Climate change is a reality and an undeniable risk that affects especially water resources. In this op-ed, the head of International Affairs for the Spanish Association of Water Supply and Sanitation (AEAS) analyzes the European Green New Deal and its possible impact on urban water management in Spain
The Global Risks Report 2020 of the World Economic Forum, indicates that extreme weather events, climate action failure and natural disasters are the three top risks in terms of likelihood, and are amongst the first four in terms of impact.
The Agenda 2030 on Sustainable Development positions climate change (SDG 13) and water (SDG 6) as priority issues which require immediate actions, given the key and transversal role they play in the achievement of SDGs.
Climate change is both a reality and an undeniable risk that especially affects water resources, as stated by the IPCC reports. The impacts and the consequences of climate change on the water cycle are mainly related to the increase of droughts and heavy precipitations and to the variations in the distribution of rains, which will lead to a reduction of availability of water resources. As stated by the “Water and Climate Blue Book”, by 2050 over 40% of the world population will be subject to severe water stress, and nearly 20% exposed to flooding.
According to the European Environment Agency and the EURO-CORDEX initiative, European land areas are warming faster than global land areas. Besides, as indicated by the network Mediterranean Experts on Climate and Environmental Change, the Mediterranean Region is the most vulnerable one to climate change.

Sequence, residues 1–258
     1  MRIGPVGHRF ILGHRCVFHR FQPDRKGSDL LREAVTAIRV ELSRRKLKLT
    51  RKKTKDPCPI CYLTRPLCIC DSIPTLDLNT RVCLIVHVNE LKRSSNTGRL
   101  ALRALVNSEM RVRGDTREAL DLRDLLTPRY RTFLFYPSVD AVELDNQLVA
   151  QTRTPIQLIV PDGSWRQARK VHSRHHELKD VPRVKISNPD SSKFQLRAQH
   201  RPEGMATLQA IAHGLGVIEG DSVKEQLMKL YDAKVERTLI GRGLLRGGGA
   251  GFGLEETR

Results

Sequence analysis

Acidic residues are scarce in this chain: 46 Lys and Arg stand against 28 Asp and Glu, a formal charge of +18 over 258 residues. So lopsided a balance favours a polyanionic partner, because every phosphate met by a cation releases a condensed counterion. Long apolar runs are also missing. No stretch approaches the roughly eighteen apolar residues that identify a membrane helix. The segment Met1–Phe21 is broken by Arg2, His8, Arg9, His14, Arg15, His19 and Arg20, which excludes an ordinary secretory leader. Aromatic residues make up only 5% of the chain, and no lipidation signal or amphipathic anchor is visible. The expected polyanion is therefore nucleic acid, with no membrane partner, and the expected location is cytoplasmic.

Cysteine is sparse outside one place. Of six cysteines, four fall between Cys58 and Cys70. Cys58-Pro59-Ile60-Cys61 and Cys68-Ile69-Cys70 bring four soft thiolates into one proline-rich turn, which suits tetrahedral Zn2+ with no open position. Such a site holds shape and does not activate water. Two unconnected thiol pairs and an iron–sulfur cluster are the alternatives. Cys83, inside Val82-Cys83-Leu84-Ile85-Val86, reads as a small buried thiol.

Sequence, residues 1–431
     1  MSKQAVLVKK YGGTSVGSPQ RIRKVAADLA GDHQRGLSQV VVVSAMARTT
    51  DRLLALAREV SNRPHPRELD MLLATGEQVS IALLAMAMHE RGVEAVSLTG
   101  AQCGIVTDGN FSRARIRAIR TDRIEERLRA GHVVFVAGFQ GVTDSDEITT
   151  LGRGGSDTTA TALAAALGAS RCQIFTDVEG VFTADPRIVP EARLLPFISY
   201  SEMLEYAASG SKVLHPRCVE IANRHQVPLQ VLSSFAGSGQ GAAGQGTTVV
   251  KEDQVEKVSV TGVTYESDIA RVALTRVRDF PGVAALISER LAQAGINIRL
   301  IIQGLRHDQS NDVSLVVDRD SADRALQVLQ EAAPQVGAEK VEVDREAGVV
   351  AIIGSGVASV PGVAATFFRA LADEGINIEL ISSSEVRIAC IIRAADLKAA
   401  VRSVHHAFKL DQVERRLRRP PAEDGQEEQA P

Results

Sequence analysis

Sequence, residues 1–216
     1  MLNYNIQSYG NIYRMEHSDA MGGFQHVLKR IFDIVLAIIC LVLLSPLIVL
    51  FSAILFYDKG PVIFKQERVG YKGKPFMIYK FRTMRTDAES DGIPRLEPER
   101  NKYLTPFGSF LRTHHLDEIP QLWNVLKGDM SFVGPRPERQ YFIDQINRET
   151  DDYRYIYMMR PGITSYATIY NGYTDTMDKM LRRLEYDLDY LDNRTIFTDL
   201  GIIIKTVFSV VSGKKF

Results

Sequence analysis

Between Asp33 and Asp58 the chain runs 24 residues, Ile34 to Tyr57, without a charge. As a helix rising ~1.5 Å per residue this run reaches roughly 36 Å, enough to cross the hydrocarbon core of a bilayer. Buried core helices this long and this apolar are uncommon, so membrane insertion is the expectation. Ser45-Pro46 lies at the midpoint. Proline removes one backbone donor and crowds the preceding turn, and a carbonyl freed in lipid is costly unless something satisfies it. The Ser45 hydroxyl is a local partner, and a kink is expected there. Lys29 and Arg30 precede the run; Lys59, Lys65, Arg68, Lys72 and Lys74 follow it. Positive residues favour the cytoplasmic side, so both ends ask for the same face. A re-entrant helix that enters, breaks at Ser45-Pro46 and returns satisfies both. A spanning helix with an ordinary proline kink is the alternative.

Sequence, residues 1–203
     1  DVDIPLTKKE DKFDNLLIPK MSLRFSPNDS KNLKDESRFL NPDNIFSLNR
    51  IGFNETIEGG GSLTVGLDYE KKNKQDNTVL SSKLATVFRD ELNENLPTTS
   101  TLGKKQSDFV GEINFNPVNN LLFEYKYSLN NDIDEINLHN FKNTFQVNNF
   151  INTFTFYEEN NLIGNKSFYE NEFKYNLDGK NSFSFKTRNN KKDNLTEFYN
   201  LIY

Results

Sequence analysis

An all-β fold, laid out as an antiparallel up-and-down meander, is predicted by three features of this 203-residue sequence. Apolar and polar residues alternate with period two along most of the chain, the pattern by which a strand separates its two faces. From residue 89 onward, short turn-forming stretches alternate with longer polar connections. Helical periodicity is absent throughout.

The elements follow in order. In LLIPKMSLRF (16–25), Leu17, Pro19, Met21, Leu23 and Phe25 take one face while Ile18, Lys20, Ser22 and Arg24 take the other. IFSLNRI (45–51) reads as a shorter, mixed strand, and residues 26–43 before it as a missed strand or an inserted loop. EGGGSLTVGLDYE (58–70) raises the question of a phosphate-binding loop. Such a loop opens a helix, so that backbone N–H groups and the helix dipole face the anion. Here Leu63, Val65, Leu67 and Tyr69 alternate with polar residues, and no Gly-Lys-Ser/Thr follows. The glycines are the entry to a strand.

In December 2019, the European Commission launched the “European Green Deal”, a strategy that aims to transform the European Union into a fair and prosperous society, with a competitive and resource-efficient economy, with no net emissions of greenhouse gases in 2050, and that also aims to protect, conserve and enhance the EU’s natural capital, as well as to protect the health and well-being of citizens from environment-related risks and impacts.
“The aging of water infrastructures and the lack of investment in recent years jeopardize the sustainability of water services”
Despite the close link between water and climate change, and the objectives of the Green Deal, the low ambition of the Green Deal related to water stands out: it’s only mentioned related to the zero pollution action plan for air, water and soil, and to the need of restoring the natural functions of ground and surface water, aspects which are already included in the European water directives and in their current revisions. Nevertheless, the Green Deal can be an opportunity to integrate climate change in water policies, as there are several principles in the Deal`s action lines that could be transferred to the water management.